Feeling frisky? Want a fight? You could be thinking like a fish

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The inner workings of your brain might be more fish than you think, research into brain circuitry states.

Studies from the University of Texas, and published this week in the journal Science, have found links in the structure of the brain between numerous vertebrates, including reptiles, fish, birds and mammals.

And why not? After all, we humans have only appeared on the scene in our current form a few hundred thousand years back, and when we did it was through slow and gradual evolution rather than an explosive entry on to the scene with a whole new, rebuilt package of mental hardware.

We inherited an awful lot from our primeval ancestors, so it would be crazy to suspect that we hadn’t carried any of their traits with us…

The research was geared around genes known to be involved in social behaviours, especially those concerned with mate choosing and aggressive rivalries.

After studying the existing data on the subject, brain slices across ranges of species were investigated to observe the genes’ expressions in some 12 regions of the brain. These parts of the brain are known to be directly involved with the networks for making social decisions.

Understandably, similarities were found between groups of animals, such as reptiles. But more interesting were the links that were found across the different and further flung groups, the things shared across the board.

Hans Hoffman of the University of Texas speculates that due to the preservation of these networks so far back into the vertebrate line, they must have been present some 450 million years ago, when the first limbed beasts shed off their fins and scales, and trudged ashore.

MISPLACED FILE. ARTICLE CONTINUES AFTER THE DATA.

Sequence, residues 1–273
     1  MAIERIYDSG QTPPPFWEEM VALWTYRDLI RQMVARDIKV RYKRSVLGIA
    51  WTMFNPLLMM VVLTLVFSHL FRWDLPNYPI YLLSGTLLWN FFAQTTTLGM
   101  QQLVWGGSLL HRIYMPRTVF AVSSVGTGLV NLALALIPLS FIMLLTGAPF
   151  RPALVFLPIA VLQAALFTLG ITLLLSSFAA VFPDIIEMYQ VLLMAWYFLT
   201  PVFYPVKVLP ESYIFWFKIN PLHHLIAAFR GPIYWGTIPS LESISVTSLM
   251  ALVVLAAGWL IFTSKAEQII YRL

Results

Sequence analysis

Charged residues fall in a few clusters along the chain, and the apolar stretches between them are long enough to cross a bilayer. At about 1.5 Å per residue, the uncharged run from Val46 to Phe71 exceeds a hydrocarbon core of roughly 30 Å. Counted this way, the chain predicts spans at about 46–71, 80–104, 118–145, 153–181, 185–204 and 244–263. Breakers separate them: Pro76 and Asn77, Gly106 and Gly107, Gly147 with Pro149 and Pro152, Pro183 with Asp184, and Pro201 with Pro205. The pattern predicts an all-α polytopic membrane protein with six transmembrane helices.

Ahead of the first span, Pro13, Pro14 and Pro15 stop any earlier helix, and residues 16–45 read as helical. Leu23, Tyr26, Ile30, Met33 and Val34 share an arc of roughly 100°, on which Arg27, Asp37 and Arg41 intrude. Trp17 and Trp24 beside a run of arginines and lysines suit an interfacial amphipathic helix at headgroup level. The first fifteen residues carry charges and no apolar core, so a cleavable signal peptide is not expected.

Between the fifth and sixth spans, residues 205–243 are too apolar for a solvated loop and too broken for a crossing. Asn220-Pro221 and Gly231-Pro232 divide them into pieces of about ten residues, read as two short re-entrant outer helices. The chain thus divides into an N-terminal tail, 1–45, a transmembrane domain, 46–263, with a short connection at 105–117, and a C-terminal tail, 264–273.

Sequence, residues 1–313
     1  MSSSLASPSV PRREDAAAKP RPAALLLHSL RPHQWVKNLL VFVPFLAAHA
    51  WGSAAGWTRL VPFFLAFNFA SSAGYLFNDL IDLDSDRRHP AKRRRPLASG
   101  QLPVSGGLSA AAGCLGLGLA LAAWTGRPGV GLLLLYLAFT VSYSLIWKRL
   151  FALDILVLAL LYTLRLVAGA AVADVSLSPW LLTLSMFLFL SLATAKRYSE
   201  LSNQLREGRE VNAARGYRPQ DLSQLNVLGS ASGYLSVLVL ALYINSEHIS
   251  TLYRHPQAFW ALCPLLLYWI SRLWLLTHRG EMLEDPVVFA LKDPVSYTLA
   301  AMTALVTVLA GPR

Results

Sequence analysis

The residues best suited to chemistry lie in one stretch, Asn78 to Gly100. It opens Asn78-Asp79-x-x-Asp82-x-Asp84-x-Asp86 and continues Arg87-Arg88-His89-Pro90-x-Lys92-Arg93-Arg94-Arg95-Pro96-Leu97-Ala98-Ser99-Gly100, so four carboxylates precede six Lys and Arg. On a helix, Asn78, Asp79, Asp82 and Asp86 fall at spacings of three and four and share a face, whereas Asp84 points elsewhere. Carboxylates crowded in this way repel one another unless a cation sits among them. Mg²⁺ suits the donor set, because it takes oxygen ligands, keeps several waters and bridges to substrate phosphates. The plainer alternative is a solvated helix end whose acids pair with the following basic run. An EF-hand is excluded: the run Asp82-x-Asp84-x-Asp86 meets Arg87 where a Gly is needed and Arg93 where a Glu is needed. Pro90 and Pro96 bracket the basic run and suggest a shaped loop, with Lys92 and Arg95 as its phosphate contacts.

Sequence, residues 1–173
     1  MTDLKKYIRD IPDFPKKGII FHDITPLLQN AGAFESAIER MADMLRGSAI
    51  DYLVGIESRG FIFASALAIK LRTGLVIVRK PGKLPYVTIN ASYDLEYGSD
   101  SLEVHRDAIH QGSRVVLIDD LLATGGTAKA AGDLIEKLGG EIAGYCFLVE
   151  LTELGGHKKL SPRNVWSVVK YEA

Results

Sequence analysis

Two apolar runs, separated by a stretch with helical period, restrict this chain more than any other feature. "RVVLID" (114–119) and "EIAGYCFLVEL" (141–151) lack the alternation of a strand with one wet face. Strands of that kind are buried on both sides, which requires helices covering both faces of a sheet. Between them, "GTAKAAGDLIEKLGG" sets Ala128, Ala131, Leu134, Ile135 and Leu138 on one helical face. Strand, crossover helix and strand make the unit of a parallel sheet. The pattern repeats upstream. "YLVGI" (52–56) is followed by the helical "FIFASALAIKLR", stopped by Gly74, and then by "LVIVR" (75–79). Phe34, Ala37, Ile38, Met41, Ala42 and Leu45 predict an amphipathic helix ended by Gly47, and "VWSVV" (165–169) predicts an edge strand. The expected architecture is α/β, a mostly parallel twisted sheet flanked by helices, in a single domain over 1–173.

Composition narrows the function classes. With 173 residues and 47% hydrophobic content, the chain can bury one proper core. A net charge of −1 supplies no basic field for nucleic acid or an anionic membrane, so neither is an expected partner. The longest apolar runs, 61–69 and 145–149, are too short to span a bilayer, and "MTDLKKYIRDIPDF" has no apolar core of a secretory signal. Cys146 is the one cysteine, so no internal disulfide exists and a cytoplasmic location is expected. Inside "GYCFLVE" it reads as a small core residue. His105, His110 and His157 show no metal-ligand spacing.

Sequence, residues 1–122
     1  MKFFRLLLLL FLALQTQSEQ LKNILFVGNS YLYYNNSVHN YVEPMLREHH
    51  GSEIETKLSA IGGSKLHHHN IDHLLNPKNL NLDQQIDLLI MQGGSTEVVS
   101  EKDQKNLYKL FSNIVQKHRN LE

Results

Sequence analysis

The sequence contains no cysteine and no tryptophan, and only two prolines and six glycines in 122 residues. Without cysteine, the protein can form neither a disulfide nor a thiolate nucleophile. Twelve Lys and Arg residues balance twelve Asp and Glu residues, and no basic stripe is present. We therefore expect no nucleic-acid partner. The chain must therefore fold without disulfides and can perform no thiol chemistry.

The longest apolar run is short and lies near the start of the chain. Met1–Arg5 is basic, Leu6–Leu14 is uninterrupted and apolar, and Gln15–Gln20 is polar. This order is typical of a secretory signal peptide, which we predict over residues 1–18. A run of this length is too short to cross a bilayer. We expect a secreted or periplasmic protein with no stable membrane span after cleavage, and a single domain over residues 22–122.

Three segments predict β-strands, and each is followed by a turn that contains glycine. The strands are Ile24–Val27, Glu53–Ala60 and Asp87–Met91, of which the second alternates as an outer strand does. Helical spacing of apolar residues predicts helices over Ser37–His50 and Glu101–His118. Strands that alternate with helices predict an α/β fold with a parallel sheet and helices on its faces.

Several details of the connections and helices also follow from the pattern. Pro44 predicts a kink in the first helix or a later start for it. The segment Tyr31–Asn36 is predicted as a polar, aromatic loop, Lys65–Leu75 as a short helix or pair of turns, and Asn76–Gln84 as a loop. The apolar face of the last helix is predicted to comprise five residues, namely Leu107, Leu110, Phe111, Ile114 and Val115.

Of course, different animals have different cues for, say, finding a mate. Some fish like pheromones to guide them, whereas birds might prefer a visual display. The key point is that despite the differences between what comes in and what goes out in terms of stimulus and response, the network being used to make the decisions is the same across the spectrum. Whether you’re scaly or feathery, furry or leathery, the network comes alive in processing what the risks are in social situations, what the rewards are, and whether the aggregate gain is beneficial or not.

Although humans were not a direct part of the test — most likely because of the brain-slicing element involved — Hoffman’s prediction is that humans will be very similar to other mammals.

The only real difference between mammalian life and other forms of vertebrate is the presence of our central cortex. This may bulk up our social decision networks, but at this time it’s hard to say with any clarity just how much input it has on the process.

Either way, the next time you find yourself falling in love, or getting caught up in a brawl, it might be worth taking stock of something fishy inside you that’s making your decisions on your behalf.

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